The news that foreigners would not be allowed to vote in the planned EU referendum came as a bit of a shock earlier this week, if not as a major surprise. The rules are based on those for the General Elections. Besides, it seems the Tories are keen to exclude anyone from voting who might not agree with them on a possible Brexit, in particular EU migrants and younger people.
As an EU citizen I would have liked to see the UK government include us in the vote as we are most immediately affected. If Britain leaves the EU it is us who suffer most, as our movement, working rights, taxation arrangements, pensions, transfer of money and even family life might be affected. As EU citizens living in the UK are allowed to vote in EU and local elections here it would be only logical to let us have our say. But I was not holding my breath.
However, for me, this piece of news has opened another question on voting rights and citizenship and what these should be based on. To be sure, citizenship and voting rights are not the same. Even though they are not British citizens, Irish and Commonwealth citizens, including EU citizens from Malta and Cyprus, ‘over 18 who are resident in the UK’ along with Members of the House of Lords are also allowed to vote based on their special status or historic ties to Britain. On the other hand, British citizens who left the country 15 years or longer ago have lost their voting rights in the UK without automatically acquiring the franchise in their current country of residence thus leaving them completely disenfranchised.*
Defining the various historic ties and exceptions as reasons for giving (or declining) people the vote in an EU referendum is to an extent an arbitrary move. Reasons could clearly be found to extend the vote not just to all EU citizens, but to young people over the age of 16, or to people ordinarily resident in the UK. Likewise, we might wonder if voting rights should generally be based on residence or where we pay our taxes.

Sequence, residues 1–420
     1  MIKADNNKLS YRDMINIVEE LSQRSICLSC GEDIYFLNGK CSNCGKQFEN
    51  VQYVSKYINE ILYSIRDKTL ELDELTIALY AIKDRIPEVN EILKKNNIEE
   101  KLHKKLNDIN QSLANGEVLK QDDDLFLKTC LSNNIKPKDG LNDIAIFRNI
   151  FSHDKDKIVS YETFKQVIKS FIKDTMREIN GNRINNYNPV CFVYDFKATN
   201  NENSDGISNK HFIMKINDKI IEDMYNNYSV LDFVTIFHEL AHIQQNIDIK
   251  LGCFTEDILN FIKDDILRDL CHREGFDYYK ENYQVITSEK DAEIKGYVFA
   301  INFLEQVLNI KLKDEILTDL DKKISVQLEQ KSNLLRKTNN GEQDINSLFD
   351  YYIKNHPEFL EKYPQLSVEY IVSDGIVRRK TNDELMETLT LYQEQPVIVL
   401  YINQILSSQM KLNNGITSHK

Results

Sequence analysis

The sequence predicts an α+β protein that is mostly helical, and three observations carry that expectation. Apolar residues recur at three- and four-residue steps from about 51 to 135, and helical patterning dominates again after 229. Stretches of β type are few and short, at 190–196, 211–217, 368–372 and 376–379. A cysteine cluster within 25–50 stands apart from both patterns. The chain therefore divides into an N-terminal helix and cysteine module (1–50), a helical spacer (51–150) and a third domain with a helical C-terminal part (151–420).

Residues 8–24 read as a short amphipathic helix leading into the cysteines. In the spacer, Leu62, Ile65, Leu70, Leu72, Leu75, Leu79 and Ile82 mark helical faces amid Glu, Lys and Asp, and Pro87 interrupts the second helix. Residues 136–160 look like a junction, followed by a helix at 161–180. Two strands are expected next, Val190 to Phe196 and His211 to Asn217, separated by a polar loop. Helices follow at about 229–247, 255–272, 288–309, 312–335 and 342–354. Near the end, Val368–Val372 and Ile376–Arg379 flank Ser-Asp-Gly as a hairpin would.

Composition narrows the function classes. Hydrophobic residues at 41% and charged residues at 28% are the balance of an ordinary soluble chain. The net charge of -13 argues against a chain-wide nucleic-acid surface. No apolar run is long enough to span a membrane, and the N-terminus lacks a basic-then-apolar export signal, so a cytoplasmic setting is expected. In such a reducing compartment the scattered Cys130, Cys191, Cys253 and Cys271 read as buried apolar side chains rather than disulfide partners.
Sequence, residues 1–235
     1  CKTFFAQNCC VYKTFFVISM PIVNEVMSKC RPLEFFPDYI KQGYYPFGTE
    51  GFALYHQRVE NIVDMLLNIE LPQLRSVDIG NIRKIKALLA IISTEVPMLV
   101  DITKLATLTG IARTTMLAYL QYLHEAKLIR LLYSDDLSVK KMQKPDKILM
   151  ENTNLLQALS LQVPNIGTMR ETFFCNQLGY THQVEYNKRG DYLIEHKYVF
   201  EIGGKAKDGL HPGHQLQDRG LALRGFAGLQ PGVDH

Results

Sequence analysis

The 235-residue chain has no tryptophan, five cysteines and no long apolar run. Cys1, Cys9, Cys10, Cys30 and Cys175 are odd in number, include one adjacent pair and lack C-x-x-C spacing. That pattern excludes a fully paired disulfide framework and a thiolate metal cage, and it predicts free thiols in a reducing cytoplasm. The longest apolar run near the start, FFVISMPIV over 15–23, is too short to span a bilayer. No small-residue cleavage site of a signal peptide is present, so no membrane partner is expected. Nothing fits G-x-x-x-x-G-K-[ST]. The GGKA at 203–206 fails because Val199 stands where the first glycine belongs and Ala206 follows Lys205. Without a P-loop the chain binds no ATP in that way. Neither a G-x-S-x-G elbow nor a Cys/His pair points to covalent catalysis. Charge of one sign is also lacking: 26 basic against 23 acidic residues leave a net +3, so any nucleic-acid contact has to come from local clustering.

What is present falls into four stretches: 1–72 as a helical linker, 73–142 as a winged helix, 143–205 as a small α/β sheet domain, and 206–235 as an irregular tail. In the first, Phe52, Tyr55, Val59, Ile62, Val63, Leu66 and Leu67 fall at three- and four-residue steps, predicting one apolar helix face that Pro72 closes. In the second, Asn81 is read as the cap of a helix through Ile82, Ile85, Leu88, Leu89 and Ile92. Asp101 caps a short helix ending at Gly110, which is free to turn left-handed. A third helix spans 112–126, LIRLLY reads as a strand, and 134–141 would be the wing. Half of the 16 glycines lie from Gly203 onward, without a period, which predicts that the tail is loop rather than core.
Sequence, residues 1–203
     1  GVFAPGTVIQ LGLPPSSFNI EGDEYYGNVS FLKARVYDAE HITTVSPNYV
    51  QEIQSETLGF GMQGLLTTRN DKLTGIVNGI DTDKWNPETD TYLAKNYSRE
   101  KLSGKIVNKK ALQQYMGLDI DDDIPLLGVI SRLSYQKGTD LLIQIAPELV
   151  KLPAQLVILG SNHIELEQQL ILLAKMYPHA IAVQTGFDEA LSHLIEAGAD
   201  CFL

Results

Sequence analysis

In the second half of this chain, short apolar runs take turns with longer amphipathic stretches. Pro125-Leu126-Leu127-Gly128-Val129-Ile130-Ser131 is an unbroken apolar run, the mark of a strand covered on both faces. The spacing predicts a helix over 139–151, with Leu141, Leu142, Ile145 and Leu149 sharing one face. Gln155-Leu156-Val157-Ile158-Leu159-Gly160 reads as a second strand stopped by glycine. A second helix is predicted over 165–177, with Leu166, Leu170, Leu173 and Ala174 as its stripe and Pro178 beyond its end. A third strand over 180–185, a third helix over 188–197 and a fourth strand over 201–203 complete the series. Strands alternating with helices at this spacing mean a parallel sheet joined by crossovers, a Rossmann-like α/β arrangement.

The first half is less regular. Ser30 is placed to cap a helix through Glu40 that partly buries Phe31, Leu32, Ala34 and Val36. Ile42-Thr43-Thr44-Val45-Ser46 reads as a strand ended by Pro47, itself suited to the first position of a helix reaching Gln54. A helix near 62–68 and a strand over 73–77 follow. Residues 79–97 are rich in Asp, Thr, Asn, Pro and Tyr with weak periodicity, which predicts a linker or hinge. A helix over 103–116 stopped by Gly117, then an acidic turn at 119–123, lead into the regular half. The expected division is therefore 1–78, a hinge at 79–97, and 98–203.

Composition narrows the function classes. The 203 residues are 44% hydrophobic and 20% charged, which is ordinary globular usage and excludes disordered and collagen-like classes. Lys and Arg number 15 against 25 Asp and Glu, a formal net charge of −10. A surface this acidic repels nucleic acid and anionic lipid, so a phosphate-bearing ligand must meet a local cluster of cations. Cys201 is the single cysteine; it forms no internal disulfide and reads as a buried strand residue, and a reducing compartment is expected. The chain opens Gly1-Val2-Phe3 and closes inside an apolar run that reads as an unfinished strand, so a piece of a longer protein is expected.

In some ways, this reminds me of the debates over the franchise during the English revolutionary period in the seventeenth century, when Cromwellians, republicans, Levellers and a variety of other people attempted to define what qualified an individual to vote. Each of these groups tried to find justifications for the franchise that matched their own interests.
Traditionally, only adult male property owners of freehold land worth 40 shillings or more were allowed to vote. Both Cromwellians and republicans wanted to maintain property qualifications, largely based on the ownership of land, while modifying the amount of property required. The Instrument of Government that established the Protectorate also provided for a redistribution of parliamentary seats to reflect population numbers, abolishing some of the anomalies allowing a few large landowners to select their favoured candidates. The Levellers argued for manhood suffrage disregarding wealth or income, with some even going as far as implying the possibility of votes for women.
Alas, at the moment, the tendency is towards narrowing, not extending the vote.
* This law is going to change over the next couple of years. However, the changes won’t be in place in time for the EU referendum.
Ireland has recently held a referendum, the outcome of which was widely celebrated. In many ways it was a model of how to reach a collective decision on a tough and divisive issue. And guess what? Voting was restricted to Irish citizens aged 18 and over.